The Los Angeles Galaxy became the first MLS team to win five MLS Cups, five championships, when it defeated the New England Revolution, 2-1, last Sunday at StubHub Center in Carson (CA), home of the Galaxy. The game not only added to a long list of statistics between the teams, but mirrored the opposite fortunes of the franchise owners, both founding members of MLS.
Philip Anschutz, owner of the Los Angeles Galaxy, and Robert Kraft of the New England Revolution, are billionaire philanthropists, which partly explain their investments in MLS, but one is a five-time MLS Cup winner, the other a five-time loser.
Anschutz, a Denver billionaire worth US$11.00 billion according to Forbes Magazine, began to make millions whenhe bought his father’s Denver drilling business and went on to invest in real estate, entertainment and a host of other businesses. His millions virtually carried MLS in its early days when he owned five of the franchises in the 10-team league back in 1996 (the Galaxy, Chicago Fire, Houston Dynamo, San Jose Earthquakes and the New York/New Jersey Metro Stars) and is now enjoying the fruits of his investments. Anschutz franchises have appeared in over 15 of the 19 MLS Cup finals and have won 10 MLS titles, including the Galaxy’s fifth on Sunday.
Kraft, the Revs owner and worth US$4.00 billion, according to Forbes, owns a not-so-successful record. A graduate of Columbia University, who received an MBA from Harvard Business School, he built Kraft Foods Company with his family, and has numerous investments in myriad businesses such as real estate, entertainment, media and sports. He owns the NFL New England Patriots and Gillette Stadium, home of the Patriots. His Revolution has now made five appearances in MLS Cup and lost all five games – three times to the Galaxy.
Anschutz and Kraft were at the game on Sunday, and despite their different fortunes in MLS, both seemed proud of their association with the league, which played its 19th championship. Without men such as Philip Anschutz and Robert Kraft, MLS may not have survived its early lean years. So, despite their contrasting fortunes on the soccer field, both owners are winners off it because of soccer’s success in the U. S.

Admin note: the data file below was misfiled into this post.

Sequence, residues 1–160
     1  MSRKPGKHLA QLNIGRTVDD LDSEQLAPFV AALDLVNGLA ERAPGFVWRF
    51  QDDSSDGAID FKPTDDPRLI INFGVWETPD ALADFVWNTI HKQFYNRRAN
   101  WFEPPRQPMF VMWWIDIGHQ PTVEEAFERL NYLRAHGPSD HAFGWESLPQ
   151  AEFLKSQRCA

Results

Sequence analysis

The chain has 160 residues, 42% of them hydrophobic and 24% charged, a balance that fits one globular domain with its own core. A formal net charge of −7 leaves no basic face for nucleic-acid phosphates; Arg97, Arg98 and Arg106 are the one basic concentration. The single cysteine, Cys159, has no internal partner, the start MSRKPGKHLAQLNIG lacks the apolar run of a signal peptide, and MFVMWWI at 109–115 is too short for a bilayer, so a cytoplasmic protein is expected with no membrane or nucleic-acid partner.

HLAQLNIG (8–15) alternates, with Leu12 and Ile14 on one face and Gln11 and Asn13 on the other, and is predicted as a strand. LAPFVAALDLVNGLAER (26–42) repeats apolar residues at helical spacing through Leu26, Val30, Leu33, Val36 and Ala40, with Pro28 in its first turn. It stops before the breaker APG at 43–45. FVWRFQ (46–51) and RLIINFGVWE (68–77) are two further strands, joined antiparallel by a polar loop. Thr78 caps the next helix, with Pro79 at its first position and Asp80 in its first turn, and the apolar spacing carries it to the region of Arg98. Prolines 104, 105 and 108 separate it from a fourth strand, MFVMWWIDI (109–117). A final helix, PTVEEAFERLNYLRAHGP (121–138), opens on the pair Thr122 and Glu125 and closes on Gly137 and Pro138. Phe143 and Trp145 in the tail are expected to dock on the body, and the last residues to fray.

The game, which brought the curtain down on the 15-year MLS career of Galaxy forward Landon Donovan, was scoreless at the half, but Irish international Robbie Keane, who was not having his usual good game in the contest, scored the winner in the 111th minute for the Galaxy when he received a long pass from midfielder Marcelo Sarvas and beat Revs goalkeeper Bobby Shuttleworth.
Local boy Gyasi Zardes had put the Galaxy ahead in the 52nd minute with a low hard shot from inside the six yard box, his 17th tally for the season, but Chris Tierney equalized for the Revs in the 79th minute off a cross from the overlapping left winger Mullins to beat Galaxy goalkeeper Jaime Penedo between his legs. Both teams had opportunities to win the game, but tired legs prevailed and sent the contest into overtime.
The statistics eventually were numerous; Keane scored his 23rd goal of the season and became only the fourth player to be named MVP for the season and for the MLS Cup in the same year; Zardes, who grew up in nearby Hawthorne, is the only local player to score in an MLS Cup game, and Revolution head coach Jay Heaps is one of thee players to play and coach in an MLS Cup.
Donovan retired as the most successful player in MLS: he scored 144 goals and had 136 assists in the league, is the only player to win six MLS Cups (with Los Angeles and San Jose Earthquakes), and he has the record of 25 goals and 14 assists in his six title games.
Donovan, deservedly, left the game as a champion and Keane agreed. “No one deserves to go out on a high as much as he does,” said Keane. “What (Landon’s) done for MLS and the U.S. national team – he’s been a great credit to both and his teammates. It’s just a great honor to play these last four years with him – just delighted for him more than anybody to go out on a high because he deserves it.”
Said Donovan: “There’s a lot of excitement, some sadness, there’s uncertainty and there’s pure joy for this team and what we did. All in all I’m really proud of what this team accomplished this year. It was so nice to be in that locker room and see so many happy faces – that’s as enjoyable as anything as you get older.”
The game also marked the successful return of Revolution forward Charlie Davies, who suffered a life-threatening car accident in 2009 while a player with DC United. Davies struggled with his return for a number of years; he tried a comeback with DC United and other teams before making it with the Revolution.